A: Angle halfway btwn the reader and the main decision maker. Dont worry about the camera when the decision maker is in the room. It is there mainly to keep a record of what you did. But it's the decision maker that you really need to impress. The camera is basically like your resume - important for them to have, but not what goes into the decision. OTOH, if you are being put on tape by an assistant and the decision maker will be watching later (like in commercials or film/TV pre-reads), then make sure the camera has a great view.
Q: I have a "general" meeting with a casting director or casting executive or producer or something. What do I do?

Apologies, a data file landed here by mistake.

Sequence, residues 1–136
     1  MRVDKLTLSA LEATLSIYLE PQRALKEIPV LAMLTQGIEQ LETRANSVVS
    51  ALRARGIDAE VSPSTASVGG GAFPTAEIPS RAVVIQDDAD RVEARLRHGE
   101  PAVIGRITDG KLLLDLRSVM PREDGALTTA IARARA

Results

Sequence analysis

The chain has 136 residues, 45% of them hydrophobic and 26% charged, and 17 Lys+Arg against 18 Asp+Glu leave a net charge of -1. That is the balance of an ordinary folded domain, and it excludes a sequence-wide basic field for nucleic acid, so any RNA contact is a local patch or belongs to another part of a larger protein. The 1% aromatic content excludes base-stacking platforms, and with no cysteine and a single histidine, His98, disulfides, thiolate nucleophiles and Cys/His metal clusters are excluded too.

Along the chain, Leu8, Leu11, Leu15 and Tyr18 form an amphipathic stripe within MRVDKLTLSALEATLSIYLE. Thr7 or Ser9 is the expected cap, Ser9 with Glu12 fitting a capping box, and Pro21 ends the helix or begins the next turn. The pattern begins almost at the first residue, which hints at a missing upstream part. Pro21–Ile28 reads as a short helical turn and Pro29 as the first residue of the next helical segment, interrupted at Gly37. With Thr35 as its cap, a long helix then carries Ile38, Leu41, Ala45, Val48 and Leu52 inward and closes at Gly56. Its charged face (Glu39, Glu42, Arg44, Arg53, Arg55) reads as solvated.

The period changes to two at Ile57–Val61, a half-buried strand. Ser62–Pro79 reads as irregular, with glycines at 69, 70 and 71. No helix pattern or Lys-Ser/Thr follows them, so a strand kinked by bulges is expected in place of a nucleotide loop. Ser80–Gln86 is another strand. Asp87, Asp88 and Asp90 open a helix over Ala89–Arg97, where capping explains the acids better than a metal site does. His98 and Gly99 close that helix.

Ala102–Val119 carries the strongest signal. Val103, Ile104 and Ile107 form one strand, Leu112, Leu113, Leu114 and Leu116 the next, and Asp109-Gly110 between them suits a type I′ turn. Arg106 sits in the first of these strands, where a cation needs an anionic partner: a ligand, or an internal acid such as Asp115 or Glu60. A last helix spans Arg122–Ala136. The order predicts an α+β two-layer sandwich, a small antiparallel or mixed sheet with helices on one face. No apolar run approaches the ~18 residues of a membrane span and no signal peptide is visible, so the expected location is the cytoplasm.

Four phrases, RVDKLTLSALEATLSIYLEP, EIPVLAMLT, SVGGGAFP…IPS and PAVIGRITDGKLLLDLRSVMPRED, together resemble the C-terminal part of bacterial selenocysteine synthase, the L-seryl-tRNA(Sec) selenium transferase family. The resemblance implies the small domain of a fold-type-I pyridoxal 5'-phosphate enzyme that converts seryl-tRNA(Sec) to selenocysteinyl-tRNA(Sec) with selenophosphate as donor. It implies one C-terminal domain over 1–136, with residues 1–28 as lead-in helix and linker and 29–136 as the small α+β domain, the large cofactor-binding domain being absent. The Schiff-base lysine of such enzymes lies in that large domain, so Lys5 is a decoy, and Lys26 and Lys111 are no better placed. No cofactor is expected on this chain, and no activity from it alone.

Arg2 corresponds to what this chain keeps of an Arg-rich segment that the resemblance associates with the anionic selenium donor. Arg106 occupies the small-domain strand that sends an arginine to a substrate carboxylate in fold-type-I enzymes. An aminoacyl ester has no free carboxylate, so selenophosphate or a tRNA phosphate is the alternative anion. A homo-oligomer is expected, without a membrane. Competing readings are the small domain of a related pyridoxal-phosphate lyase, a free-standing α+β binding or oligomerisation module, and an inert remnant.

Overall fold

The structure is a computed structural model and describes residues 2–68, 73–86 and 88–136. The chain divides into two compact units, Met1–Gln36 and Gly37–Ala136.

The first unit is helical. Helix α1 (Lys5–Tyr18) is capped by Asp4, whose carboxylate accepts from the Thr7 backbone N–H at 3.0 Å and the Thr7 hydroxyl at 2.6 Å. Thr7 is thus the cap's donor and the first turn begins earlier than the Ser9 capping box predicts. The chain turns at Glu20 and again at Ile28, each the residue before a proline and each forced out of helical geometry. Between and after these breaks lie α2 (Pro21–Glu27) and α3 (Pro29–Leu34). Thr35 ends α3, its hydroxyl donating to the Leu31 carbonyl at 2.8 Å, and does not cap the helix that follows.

A: In these meetings, they're just trying to get an idea of you as a person, so next time they bring you up to a colleague, if the colleague says "Amir, the funny brown guy?" they can respond "Yeah he's a funny brown guy, but he's got a lot more going on than that. And I think you'd enjoy working with him." Your goal in this situation is simple- have a good conversation. How? Just like when you meet someone at a cocktail party, by being interesting but normal. If someone at a cocktail party said "what's up?" would you rattle off your resume? No! That would be so weird and actory! Besides, the casting person already has your resume. Can you talk about work? Of course. But here's my trick: answer work questions like the other person is not in the business, and ask work questions like you're not in the business. If they ask about one of your credits, dont just name drop or tell them how many rungs up the career ladder it got you, tell them about WHY it was an interesting project and WHY you enjoyed or didn't enjoy it. Or tell them an interesting anecdote about it. If you're curious about their job, dont ask questions *as they pertain to you* like "Do you have any upcoming projects for which you are seeking actors of my type?" Instead, ask things like "So how involved do you get to be in ____?" "What do you find more rewarding, part A of your job or part B?" Ultimately, this general meeting is intended to be the beginning of a working relationship between you two. It's not a gold-mining expedition, where you are supposed to extract something of value, and it's not a scene from Inception, in which you are supposed to implant some opinion or action point into their head and then get out. It is the Beginning. Of a Relationship.